I am the guardian of a man who has Down Syndrome, whose Grandfather, a minster, insisted he be put away because "nice" families don't have children like that.

The Special Snowflake aspect is that he tried to demand that a woman in town, who was not even a member of his congregation, do the same with her DS child. She declined.

I have a book of Reader's Digest articles dating from the 30's, and it's fascinating reading.  There's an article written by a woman who has sent her child to live in an institution for some unspecified reason, probably Down syndrome.  It's full of justification, started off by quoting her doctor who lays out how terrible the whole family's life will be if this child remains with them - they will go broke paying for special medical treatment, the other kids will be bullied at school, the mother will die young from the constant strain of caring for the 'subnormal' child, and the other kids will not be able to make good marriages, because who would want to marry into a family with this kind of freak?  She goes on to describe the institution where the child has been placed as some sort of resort, the proverbial 'farm in the country' where all unwanted animals go, and how happy the child is living there.  They visit once a month and everything is always shining and happy.

I'm sure there were  many places and many caregivers back in the day who did do their best to make a comfortable life for those in their  charge, but the whole tone of 'this is best for everyone, especially poor little Susie' just really gets under your skin.

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kherbert05

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Re: Special Snowflake Stories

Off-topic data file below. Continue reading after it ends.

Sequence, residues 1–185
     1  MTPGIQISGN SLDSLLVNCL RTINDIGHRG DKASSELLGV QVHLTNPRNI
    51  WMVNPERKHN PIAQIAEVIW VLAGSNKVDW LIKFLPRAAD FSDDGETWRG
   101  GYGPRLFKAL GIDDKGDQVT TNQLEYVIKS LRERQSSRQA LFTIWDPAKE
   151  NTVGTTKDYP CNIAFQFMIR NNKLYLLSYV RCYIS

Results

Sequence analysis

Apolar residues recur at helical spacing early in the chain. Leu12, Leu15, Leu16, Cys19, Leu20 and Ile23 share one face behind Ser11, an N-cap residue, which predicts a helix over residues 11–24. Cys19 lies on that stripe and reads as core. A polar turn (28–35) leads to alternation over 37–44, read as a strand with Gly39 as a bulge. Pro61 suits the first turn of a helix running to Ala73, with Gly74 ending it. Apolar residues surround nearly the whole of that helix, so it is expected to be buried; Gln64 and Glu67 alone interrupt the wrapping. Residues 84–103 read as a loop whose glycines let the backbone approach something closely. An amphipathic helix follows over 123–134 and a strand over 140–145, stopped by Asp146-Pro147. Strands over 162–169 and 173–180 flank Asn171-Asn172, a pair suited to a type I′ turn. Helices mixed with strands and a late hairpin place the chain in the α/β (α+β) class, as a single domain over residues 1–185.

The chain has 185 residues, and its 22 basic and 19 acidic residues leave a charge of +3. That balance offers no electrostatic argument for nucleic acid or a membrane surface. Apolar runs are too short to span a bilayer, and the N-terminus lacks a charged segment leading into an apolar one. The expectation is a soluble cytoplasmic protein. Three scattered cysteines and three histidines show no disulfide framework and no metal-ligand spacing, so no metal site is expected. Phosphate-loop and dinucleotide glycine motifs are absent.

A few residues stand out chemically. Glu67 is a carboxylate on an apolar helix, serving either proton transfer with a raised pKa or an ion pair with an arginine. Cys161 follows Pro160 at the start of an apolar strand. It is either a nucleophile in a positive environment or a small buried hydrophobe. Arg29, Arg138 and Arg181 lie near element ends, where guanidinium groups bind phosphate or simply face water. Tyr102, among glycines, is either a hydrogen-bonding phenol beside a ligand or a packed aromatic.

« Reply #23054 on: August 24, 2013, 11:03:41 AM »
Some people don't educate children with disabilities because even today doctors are telling then they can't. There was a little girl (now 4th grade) that entered our PK program. Through some comments she made teachers and administrators found out she had a brother with downs syndrome. It took months of talking to the  parents and home visits to get them undo the damage done by the "doctors" they had seen, who had compared the boy to a dog. He was entered into our early intervention program. He is thriving. The older sister's class are fierce guardians of our life skills kids. Say something ugly about anyone in PCPD or Life skills and those kid will be telling you to stop NOW while giving the other child a hug.


Growing up my best friend had a brother with cognitive disabilities. My friend and I told off more than one adult who told us he shouldn't be seen in public. Even parents of other classmates would make ugly remarks. Sometimes it was because my Mom was making sure friend and her little sister got to go to things their brother couldn't handle or their parents couldn't attend because he was in the hospital. As his medical problems got more complicated, some right to death group found out. They would call the house at all hours screaming at whoever picked up the phone that the family should allow the brother to die by withholding basic medical care. He died when we were in HS. I was the only classmate allowed to come over to be with my friend  - because the parents knew I would never say things like "he is better off now".